Under New York contract law, the fundamental basis of a valid, enforceable contract is a meeting of the minds of the parties. Ogden v. Allen, 21 A.D.2d 87, 89, 249 N.Y.S.2d 142, 144 (3d Dep't 1964), aff'd, 14 N.Y.2d 349, 200 N.E.2d 559, 251 N.Y.S.2d 661 (1964); see also Restaurant Associates Industries, Inc. v. Anheuser-Busch, Inc., 397 F. Supp. 1213, 1217 (S.D.N.Y. 1975), decided on the merits, 422 F. Supp. 1105 (S.D.N.Y. 1976). If there is no meeting of the minds on all essential terms, there is no contract. This is because an enforceable contract requires mutual assent to the essential terms and conditions thereof. Gupta v. University of Rochester, 57 A.D.2d 731, 731, 395 N.Y.S.2d 566, 567 (4th Dep't 1977); see also Wilson-Rich v. Don Aux Associates, Inc., 524 F. Supp. 1226, 1230 n. 7 (S.D.N.Y. 1981); Litton Industries Credit Corp. v. Plaza Super of Malta, Inc., 503 F. Supp. 83, 86 (N.D.N.Y.1980). Herein, Austin and Schurr did not arrive at the point of mutual assent necessary regarding the language in paragraph five of the consent judgment. As correctly noted by the district court, the letter was delivered with the consent judgment and accepted by Schurr before he signed the consent judgment. Austin's then counsel indicated in the letter--prior to Schurr's signing--that the language of the consent judgment should not be read "to limit in any way any lawful right of Austin Galleries of Illinois, Inc. to use or sell works that imitate the style of Jerome Schurr, so long as such imitation does not constitute copyright infringement...." The effect of this letter from Austin's then counsel, accompanying as it did the proposed consent judgment, was to render the consent judgment an utter nullity. Despite receiving this letter, Schurr signed the consent judgment and returned it to the court. He presently argues that the language of paragraph five of the consent judgment should cover all works of art which imitate the style of Jerome Schurr irrespective of copyright infringement. Both positions are reasonable, but they reflect the positions that the parties would have been expected to take prior to reaching mutual agreement on the scope of the language. We are convinced that the parties did not progress beyond that point, that there was no meeting of the minds on the meaning of the crucial language regarding scope, and that, consequently, the consent judgment must now be declared a nullity and unenforceable.

We have considered the other contentions of the parties, most of which focused on the similarities and differences of the works of Schurr and the works of Wilson. Because we declare the consent judgment a nullity and unenforceable, we deem it unnecessary to address those contentions.2 CONCLUSION

For the foregoing reasons, we reverse the order of the district court finding Austin in contempt for its failure to comply with the Final Judgment on Consent of June 30, 1982.

VAN GRAAFEILAND, Circuit Judge, concurring:

Because a consent judgment has the attributes of both a contract and a judicial decree, United States v. ITT Continental Baking Co., 420 U.S. 223, 236 n. 10, 95 S. Ct. 926, 934 n. 10, 43 L. Ed. 2d 148 (1975), the proper functioning of the judicial process precludes undisclosed understandings which vary from the terms of the decree. See Artvale, Inc. v. Rugby Fabrics Corp., 303 F.2d 283, 284 (2d Cir. 1962). Where the specificity provisions of Fed. R. Civ. P. 65(d) are involved, see Diapulse Corp. v. Carba, Ltd., 626 F.2d 1108, 1111 (2d Cir. 1980), it is especially important that both court and counsel are in agreement as to the nature of the conduct which is to be enjoined. See Brumby Metals, Inc. v. Bargen, 275 F.2d 46 (7th Cir. 1960). Since there was no such accord in the instant case, I agree that the injunction should be vacated.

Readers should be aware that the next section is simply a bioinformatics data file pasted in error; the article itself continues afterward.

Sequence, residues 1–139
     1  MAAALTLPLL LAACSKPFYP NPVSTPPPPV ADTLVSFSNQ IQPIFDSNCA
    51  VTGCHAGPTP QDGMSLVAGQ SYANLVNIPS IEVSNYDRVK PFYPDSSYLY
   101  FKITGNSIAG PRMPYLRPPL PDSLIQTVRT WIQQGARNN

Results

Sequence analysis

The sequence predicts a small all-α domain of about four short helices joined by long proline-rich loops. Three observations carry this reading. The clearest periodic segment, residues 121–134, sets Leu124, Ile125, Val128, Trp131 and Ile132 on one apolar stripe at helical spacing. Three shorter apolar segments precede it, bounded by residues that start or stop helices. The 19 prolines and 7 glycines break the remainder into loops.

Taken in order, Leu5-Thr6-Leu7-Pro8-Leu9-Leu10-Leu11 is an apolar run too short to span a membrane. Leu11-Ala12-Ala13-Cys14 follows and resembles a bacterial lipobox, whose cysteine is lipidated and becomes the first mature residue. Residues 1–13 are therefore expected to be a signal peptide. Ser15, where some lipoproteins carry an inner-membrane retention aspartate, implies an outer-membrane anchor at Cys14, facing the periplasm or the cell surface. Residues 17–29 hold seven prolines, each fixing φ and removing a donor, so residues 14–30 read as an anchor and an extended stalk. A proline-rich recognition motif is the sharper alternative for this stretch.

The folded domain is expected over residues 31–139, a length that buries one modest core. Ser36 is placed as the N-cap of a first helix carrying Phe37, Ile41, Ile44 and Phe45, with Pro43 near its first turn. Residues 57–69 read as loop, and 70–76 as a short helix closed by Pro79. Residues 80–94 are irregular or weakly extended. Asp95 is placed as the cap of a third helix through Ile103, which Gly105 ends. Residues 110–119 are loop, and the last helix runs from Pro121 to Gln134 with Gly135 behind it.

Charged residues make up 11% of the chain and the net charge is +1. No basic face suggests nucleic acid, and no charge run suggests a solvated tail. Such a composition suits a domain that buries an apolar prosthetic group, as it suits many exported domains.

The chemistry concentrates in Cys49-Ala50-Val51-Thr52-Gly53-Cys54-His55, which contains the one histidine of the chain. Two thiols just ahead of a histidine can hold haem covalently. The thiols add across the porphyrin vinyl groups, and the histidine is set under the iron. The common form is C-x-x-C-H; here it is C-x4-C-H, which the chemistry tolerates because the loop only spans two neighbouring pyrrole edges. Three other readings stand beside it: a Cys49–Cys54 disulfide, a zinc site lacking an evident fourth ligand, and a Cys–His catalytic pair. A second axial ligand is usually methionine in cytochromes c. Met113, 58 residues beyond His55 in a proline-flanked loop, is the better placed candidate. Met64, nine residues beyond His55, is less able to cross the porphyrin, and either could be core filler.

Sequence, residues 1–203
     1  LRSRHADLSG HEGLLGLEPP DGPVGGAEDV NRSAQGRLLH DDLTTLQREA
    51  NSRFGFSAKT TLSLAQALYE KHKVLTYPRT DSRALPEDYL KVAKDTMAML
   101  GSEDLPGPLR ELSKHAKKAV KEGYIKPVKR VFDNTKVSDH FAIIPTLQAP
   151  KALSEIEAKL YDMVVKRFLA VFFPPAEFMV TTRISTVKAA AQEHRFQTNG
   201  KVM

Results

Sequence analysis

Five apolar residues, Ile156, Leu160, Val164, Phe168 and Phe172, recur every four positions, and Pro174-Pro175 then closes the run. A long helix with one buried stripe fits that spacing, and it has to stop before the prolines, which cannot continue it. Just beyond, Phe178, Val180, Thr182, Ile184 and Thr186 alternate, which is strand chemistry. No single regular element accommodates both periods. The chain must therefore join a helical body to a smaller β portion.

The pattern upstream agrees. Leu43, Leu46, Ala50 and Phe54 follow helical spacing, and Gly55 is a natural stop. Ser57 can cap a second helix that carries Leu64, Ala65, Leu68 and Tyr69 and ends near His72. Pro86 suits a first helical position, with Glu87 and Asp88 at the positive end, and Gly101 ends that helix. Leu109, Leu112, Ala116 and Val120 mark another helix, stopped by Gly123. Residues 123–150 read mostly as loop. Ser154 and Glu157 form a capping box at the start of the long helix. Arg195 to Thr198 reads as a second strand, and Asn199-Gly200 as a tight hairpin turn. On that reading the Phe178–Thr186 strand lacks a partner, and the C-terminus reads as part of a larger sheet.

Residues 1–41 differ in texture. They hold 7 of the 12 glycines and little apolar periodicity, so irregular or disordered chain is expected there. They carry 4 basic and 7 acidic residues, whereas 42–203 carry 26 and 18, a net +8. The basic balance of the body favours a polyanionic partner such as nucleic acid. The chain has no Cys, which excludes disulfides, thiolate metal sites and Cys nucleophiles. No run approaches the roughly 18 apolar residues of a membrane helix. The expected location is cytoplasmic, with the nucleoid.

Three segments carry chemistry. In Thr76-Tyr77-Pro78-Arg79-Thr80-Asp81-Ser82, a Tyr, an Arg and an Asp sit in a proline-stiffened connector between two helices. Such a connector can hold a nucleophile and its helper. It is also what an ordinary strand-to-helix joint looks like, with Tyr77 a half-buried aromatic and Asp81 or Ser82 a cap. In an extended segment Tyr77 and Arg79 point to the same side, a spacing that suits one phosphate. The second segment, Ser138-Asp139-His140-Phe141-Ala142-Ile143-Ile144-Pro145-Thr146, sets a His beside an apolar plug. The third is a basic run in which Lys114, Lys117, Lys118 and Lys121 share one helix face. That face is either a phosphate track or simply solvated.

*

Senior Judge of the United States Court of Appeals for the Fifth Circuit, sitting by designation

 1

Paragraph 2b of the Settlement Agreement stated that "AUSTIN is presently in the possession or control of no other works which visually simulate the style and subject matter of any work created by SCHURR." Paragraph three of the Settlement Agreement stated:

Except as specifically permitted herein, AUSTIN, its officers and agents, and any party in privity with them, shall forthwith terminate the manufacture, reproduction, printing or sale on any medium, of any work which visually simulates the style and subject matter of any work created by SCHURR, including but not limited to the aforesaid works of AUSTIN entitled "ROCKY COAST," "CANYON LAKE," "SOLITUDE," "REFLECTIONS," and "BLUE BAY."

Paragraph five of the Final Judgment on Consent stated:

Defendant AUSTIN PUBLISHING COMPANY, its officers, servants, employees and attorneys, and those persons in active concert or participation with them, are hereinafter permanently restrained and enjoined from manufacturing, reproducing, printing or selling in any medium, any work which visually simulates the style and subject matter of any work created by plaintiff JEROME SCHURR, including but not limited to the works heretofore sold by defendant entitled ROCKY COAST, CANYON LAKE, SOLITUDE, REFLECTIONS and BLUE BAY.

 2

We do note, however, that after having viewed the works of both artists during oral argument, and later in chambers, we fail to discern many similarities in the copyrighted Schurr works and the Wilson works "Chasm," "Horizon," and "Hoyt's Cove." Both artists painted in the California or Western style--which according to expert testimony was not originated by either artist--using a series of gradations of color. However, Schurr used a silk screen technique whereas Wilson used the less expensive seriagraph screening technique. When marketed, Schurr's works were priced substantially higher than those of Wilson. Further, a visual comparison of the works indicates that Wilson's works exhibit different colors which are distinguished by fewer gradations and have sharper delineations than Schurr's works. Additionally, the subjects of Wilson's works are more angular than those contained in Schurr's works. At best, the most that can be said of a comparison of the works of the two artists is that they exist in the same broad genre. Genres of art, known as movements, are common throughout our recorded history. One hesitates to think of the creativity that would have been suppressed, and the beauty civilization would have been deprived of, if creative individuals were forbidden from creating art in the same genre. Indeed, there would be many fewer art movements that we presently regard as common to the art world. Obviously there is a balance which must be struck between protecting the original creation of an individual and the creativity which is ignited in others who view the work of that individual, who view other works in the same genre, or who simply achieve a similar original creation but by a separate route. Herein, if one had to decide on which way the balance must swing, careful consideration would have to be given to protecting the creativity of those--including Wilson--who have viewed the California or Western style of painting and have translated those experiences into their own creations